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To The Stars

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by L. Ron Hubbard

Article by Gregory Benford

Submitted by Elise Toth, Galaxy Press

 

I read this remarkable novel when I was but a kid, somewhere in the early 1950s. As its last line proclaims, it is a tale of high drama about being “outward bound on a mission to the ageless stars.”


It was very popular. “Remarkably ruthless” the SF Encyclopedia found it, and a rich lode of ideas.


Writers had used Einstein’s special relativity theory before in stories, but Hubbard brought to his novel the compressed story telling and pulp skills that had stood him in over a decade of professional writing. There are no indigestible expository lumps, no pages of digressions. The story moves.


Not that he didn’t know the physics. He had studied modern physics and particularly relativity. A lot of writers have taken these ideas further in the over half a century since Hubbard left the subject. For further turns you might read with pleasure James Blish’s “Common Time” (1953), Robert A. Heinlein’s Time for the Stars (1956), Joe Haldeman’s The Forever War (1975), and the most spectacular use of the basic physics in Poul Anderson’s 1970 Tau Zero -- a novel in which the characters get to actually outlive our entire universe! Nobody can accuse us of thinking small…


Or sloppily, either. Hubbard goes the final lap in actually writing out the relativistic equations for the increase of mass and slowing of time as a starship approaches the velocity of light, c. This is almost a talisman now in our field--a signature of a writer who wants to impart to the non-technical reader some of the iconic value of the mathematics, while letting the scientifically savvy know that the game is being played with the net fully up, and indeed, stretched tight.


This is an extravagant yarn. It poses characters trapped not just by the confines of their ship, but by the very laws of the cosmos. To voyage to high velocities, approaching light, is to strip us of our moorings in the past. Fast travel leaves behind not merely our origins, but our culture.


Immigrants often leave their homes knowing that they will probably never see them again—an experience very common in the 16th to the 20th century. But to know that those lands and cultures had vanished forever into the dark abyss of lost time—that is a cruelty visited by the laws of physics upon any intelligence, with no reprieve.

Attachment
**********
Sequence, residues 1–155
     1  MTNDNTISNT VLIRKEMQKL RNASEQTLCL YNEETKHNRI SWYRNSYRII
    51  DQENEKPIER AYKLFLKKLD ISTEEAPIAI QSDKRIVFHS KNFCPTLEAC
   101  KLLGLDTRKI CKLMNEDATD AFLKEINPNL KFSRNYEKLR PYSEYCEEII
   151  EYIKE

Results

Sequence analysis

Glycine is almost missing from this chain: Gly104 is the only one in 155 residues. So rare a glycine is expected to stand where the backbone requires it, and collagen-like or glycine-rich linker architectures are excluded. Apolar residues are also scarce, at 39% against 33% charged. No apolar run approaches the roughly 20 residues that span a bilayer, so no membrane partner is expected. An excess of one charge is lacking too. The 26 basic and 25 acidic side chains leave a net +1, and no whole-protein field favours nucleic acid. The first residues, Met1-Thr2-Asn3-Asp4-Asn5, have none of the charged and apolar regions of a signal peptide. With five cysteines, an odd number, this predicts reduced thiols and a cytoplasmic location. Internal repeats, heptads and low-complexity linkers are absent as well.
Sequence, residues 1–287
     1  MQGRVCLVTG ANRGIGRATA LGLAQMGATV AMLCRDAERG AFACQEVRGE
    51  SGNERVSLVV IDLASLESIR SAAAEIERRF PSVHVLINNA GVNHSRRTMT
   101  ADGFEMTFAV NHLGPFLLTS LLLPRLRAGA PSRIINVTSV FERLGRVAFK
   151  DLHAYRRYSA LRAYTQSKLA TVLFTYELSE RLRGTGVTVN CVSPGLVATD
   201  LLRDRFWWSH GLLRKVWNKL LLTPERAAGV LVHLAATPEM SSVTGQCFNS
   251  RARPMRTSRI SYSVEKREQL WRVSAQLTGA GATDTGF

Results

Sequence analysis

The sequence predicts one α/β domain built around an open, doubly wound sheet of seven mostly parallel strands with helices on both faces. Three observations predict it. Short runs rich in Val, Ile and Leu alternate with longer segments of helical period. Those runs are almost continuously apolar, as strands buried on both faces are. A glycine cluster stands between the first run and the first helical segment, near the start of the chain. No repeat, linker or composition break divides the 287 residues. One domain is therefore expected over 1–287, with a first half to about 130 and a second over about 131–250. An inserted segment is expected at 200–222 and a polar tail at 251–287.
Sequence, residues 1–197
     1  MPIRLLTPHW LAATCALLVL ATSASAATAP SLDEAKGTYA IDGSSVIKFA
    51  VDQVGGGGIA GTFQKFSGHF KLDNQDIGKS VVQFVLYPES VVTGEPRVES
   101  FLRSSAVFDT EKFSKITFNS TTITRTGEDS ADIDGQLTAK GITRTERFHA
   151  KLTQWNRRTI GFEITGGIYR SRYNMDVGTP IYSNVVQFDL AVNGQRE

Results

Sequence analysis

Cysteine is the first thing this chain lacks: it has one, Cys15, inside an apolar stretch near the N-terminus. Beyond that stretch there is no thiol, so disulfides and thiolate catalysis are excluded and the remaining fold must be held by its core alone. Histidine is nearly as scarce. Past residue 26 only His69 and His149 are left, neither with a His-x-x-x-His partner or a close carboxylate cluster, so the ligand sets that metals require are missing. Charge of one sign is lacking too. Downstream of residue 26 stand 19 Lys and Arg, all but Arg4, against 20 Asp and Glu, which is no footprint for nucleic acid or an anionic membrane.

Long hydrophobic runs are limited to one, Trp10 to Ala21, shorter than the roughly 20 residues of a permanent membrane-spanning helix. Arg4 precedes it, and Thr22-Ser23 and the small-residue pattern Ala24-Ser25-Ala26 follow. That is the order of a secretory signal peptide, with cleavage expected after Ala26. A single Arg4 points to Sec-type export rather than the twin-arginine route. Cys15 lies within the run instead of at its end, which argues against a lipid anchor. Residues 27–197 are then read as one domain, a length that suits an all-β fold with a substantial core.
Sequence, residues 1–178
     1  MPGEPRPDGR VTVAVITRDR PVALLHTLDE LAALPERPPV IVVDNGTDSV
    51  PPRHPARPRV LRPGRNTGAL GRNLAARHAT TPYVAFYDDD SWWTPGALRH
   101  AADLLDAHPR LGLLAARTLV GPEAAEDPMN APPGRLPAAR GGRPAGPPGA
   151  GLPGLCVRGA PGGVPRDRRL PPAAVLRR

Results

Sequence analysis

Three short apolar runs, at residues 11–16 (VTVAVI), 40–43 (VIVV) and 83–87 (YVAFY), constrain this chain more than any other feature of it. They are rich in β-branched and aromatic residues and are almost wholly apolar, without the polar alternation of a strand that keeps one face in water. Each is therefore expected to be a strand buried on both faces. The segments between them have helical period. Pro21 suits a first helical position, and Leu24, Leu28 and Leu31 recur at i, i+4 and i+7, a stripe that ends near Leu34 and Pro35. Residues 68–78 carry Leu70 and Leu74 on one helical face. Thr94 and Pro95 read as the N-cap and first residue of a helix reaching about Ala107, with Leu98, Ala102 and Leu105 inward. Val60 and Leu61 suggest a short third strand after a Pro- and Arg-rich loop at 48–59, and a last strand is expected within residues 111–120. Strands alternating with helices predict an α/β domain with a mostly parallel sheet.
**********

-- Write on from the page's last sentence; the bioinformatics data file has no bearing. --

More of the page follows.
It is indeed the stuff of high drama. Of course Hubbard was drawn to it—not only in this work, but also in the earlier “Beyond All Weapons.” A quarter century later, Joe Haldeman worked further through the basic ideas in The Forever War.


For time is the most twisted idea in modern physics, with many nooks and crannies for a novelist. I wrote my novel Timescape about the implications of both special relativity and the more profound general relativity, on our basic understanding of time. There is plenty yet to do, too. A useful popular guide to this weird conceptual landscape is Richard Gott’s Time Travel in Einstein’s Universe—more than enough to wrench the mind around.


Time…and the stars. I have spent a lot of my professional life as a physics professor trying to work around the consequences of Einstein’s special theory of relativity. Over the last few years I’ve worked on both theory and experiment for ways to approach the relativistic realm. It seems that, unless you want to spend the budget of a major nation on a huge fuel-burning starship, you must ask for help.


Rather than Hubbard’s thundering spaceships, perhaps the next stage in our reach toward the stars will come from gossamer craft, driven by the weightless authority of light itself. With others, I’ve worked out ways that sails of thin fabrics could dive close to the sun, picking up big velocities by skirting close to the stellar fire. The increased sunlight there could propel such advanced sail craft—made of nearly pure carbon fibers, to survive the heat—to very high speeds.


It is within the realm of chemical rockets to give us speeds of 10 kilometers/second. Advanced nuclear can approach 100 kilometers/second. But a sundiver could perhaps attain 1000 kilometers/second.


This seems pretty puny compared with light, which moves at 300,000 kilometers/second without breaking a sweat. But it’s a beginning.


If mankind ever reaches the stars, it will voyage on vessels we probably cannot imagine, using technologies we cannot glimpse. But those who go will be human. They will feel the pain and joy we ourselves know.

To the Stars shows us what that could be like. The physics gives it backbone, but the drama gives it heart.

 

For more reviews or to buy To The Stars from Amazon.com, click here.

 

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